IRC Section 61(a)(12) provides that gross income includes “Cancellation of Indebtedness” (COD) income. IRC Section 108(a)(1)(A) excludes from gross income any amount derived from “the discharge (in whole or in part) of indebtedness of the taxpayer” if the discharge occurs in a title 11 case. Under section 108(d)(1), “‘indebtedness of the taxpayer’ means any indebtedness (A) for which the taxpayer is liable, or (B) subject to which the taxpayer holds property.” IRC Section 108(d)(2) defines a “title 11 case” as “a case under title 11 of the United States Code (relating to bankruptcy), but only if the taxpayer is under the jurisdiction of the court in such case and the discharge of indebtedness is granted by the court or is pursuant to a plan approved by the court.” IRC Section 108(d)(6) provides that, in the case of a Partnership, subsection (a) and certain other parts of IRC Section 108 must be applied at the Partner level.

Under the Bankruptcy Code, the term “debtor” means a “person . . . concerning which a case under this title [title 11] has been commenced.” 11 U.S.C. 101(13).

In discussing the addition of IRC Section 108(d)(6), Congress explained that discharge of a Partnership debt is an item of income allocated separately to each Partner pursuant to IRC Section 702(a). Congress indicated its intent to limit the scope of section 108(a)(1) to bankrupt or insolvent Partners, and not to all Partners of a bankrupt partnership. “The tax treatment of the amount of discharged partnership debt which is allocated as an income item to a particular partner depends on whether that partner is in a bankruptcy case, is insolvent (but not in a bankruptcy case), or is solvent (and not in a bankruptcy case). . . . [I]f the particular partner is bankrupt, the debt discharge amount is excluded from gross income pursuant to amended section 108 . . . .” S. Rep. No. 96-1035, at 21, 1980-2 C.B. 620, 631.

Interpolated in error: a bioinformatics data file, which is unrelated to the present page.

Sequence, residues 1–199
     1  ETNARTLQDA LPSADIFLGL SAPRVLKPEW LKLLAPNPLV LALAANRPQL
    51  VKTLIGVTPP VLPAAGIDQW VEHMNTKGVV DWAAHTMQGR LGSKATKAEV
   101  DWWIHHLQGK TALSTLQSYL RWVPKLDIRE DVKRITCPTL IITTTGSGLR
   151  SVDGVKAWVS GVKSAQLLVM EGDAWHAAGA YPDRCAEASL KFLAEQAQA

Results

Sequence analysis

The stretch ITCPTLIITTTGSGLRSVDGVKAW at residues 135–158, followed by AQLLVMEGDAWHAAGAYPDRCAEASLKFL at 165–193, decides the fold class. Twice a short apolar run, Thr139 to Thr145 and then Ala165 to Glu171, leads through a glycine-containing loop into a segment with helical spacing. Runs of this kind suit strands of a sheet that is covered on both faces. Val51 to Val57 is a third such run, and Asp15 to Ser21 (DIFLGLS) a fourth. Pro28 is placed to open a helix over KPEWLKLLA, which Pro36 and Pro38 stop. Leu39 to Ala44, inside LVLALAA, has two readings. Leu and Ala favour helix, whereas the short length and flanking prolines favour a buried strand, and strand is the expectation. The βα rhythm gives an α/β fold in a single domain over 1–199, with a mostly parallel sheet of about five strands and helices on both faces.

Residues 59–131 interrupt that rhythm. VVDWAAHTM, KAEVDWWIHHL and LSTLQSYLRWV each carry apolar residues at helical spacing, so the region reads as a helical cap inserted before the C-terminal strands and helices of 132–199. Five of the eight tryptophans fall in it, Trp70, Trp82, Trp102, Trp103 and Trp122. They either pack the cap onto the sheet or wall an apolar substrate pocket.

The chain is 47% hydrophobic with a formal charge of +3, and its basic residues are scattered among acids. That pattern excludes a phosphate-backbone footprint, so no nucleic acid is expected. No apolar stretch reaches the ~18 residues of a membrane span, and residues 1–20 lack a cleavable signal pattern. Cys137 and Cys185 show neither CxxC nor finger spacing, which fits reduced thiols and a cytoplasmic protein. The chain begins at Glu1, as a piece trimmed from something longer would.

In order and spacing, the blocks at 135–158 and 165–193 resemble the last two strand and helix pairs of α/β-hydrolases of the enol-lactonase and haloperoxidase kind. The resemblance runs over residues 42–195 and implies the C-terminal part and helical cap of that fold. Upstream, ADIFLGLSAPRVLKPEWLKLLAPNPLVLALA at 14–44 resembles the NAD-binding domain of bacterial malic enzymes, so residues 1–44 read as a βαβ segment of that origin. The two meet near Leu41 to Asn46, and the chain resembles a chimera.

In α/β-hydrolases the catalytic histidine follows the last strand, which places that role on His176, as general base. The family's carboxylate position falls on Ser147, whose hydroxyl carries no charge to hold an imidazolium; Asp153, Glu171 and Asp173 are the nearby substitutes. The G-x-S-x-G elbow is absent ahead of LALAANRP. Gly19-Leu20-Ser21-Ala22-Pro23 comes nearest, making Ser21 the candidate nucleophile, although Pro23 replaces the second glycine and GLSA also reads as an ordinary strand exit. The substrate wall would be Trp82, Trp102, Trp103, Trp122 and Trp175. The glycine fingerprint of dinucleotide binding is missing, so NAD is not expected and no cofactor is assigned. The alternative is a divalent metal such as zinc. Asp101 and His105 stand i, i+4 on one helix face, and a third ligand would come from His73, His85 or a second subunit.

The legislative history further explains that the income tax treatment of debt discharge in Bankruptcy is intended to preserve the debtor’s “fresh start” after Bankruptcy by excluding COD income from the debtor’s income so that “the debtor coming out of bankruptcy . . . is not burdened with an immediate tax liability.” S. Rep. No. 96-1035, supra, at 10, 1980-2 C.B. at 624.

IRC Section 108(a) applies at the Partner level. The exclusion in IRC Section 108(a)(1)(A) applies only to Partners who are debtors in Bankruptcy in their individual capacities and need a “fresh start.”